In many places, however, staying with a friend isn't possible. When this is the case, there are a multitude of accommodation options, from hostels to hotels to real BnBs to AirBnB to couch-surfing, and trying to decide which one is appropriate for each destination can be difficult. 

I'll try to give a run-down of each type of accommodation and some other tips. In all cases reading TripAdvisor and any other reviews of properties is absolutely vital! Learn to trust the masses: There will always be one or two people who have bad experiences, but if the majority overwhelmingly recommends a property, it is likely to be good. Look at customers' pictures, and don't let your opinion of a property become tainted by a single review claiming the property is the equivalent of the Bates Motel. As always, the more reviews the better -- I avoid staying at properties with only one or two reviews if I can help it. Tripadvisor is a great start, but branching out to other sites (such as Hostelbookers or Kayak) for reviews can also be a good idea if Tripadvisor is lacking. 

My approach to this trip has been as follows:


1. Use hostels or hotels for one-night stays.

2. If planning to take tours and do day-trips, avoid types of accommodation where I might feel obliged to spend more time with my host. This means hostels or hotels for busy and tightly-packed stays.
3. Try to find friends to stay with when possible, provided I won't just be showing up for one night and then disappearing.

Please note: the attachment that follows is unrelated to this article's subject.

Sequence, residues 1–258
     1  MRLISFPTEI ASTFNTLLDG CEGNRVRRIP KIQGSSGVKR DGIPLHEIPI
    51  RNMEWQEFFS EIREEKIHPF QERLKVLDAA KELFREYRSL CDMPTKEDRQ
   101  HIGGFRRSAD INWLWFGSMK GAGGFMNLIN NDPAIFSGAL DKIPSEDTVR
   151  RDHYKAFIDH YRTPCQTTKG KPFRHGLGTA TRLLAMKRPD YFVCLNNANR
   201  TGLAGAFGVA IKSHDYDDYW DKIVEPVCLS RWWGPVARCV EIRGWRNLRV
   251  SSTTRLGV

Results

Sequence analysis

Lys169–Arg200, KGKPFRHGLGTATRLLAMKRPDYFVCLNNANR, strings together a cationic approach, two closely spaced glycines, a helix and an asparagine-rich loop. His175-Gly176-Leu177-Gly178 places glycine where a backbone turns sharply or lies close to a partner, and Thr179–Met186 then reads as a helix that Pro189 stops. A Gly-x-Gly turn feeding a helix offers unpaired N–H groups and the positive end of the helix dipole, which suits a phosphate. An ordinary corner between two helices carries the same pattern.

4. Use AirBnB or Couchsurfing for longer stays if reasonable options are available
5. For some longer stays, stay at a hostel if it is in a fun location (or if the hostel is much more convenient)
6. Include one hotel night for every 10-15 days of alternative accommodation to enable me to recharge

While following these six guidelines, my secondary goal is to keep my average spent per night below $60. Considering the extensive amount of time I'll be spending in expensive destinations (Scandinavia, London, Paris, Switzerland, St. Petersburg), this seems like a reasonable target. Hopefully I'll get it even lower than that.


While most of the places I will be staying aren't especially exotic or interesting, I do have a couple lodging plans I am really excited about: 


In Interlaken, I'll be staying in a tent. A tent hostel surrounded by mountains of course. Each tent contains several beds, complete with sheets, pillows, and blankets.



I'll be sleeping in one of these!
My last night in Stockholm, instead of having to wake up extra early to get to the airport which is 30+ minutes outside of the city, I'll be staying on a plane. There is an old 747 which is now grounded and has been converted into a hostel/hotel called JumboStay and I'll be staying there for my final night. While I didn't book the Cockpit Suite or Black Box Suite (I was tempted!), I'm still really excited about it.


... Because I won't already be spending enough time on a plane flying home.
I also have a mistake rate at a 4-star hotel in Copenhagen for my first night, but I have a bad feeling about it. $32 instead of $295 might not fly, but I'm going to give it a try! If it falls through, I'll probably try to extend my hostel stay for the next night or rely on Hotel Tonight.

Throughout my planning process I have learned new tricks for finding and booking hotels. Here are 8 assorted tips on the process:


1. Tripadvisor is my best friend, and it should be yours too. I can't say this enough. No matter what sort of accommodation I am looking at, Tripadvisor is my first stop. In the cases of AirBnB or Couchsurfing where Tripadvisor doesn't have information, I trust the reviews and avoid places with 1-2 reviews or references if possible. Don't be afraid to ask as many questions about the accommodation as you feel are necessary.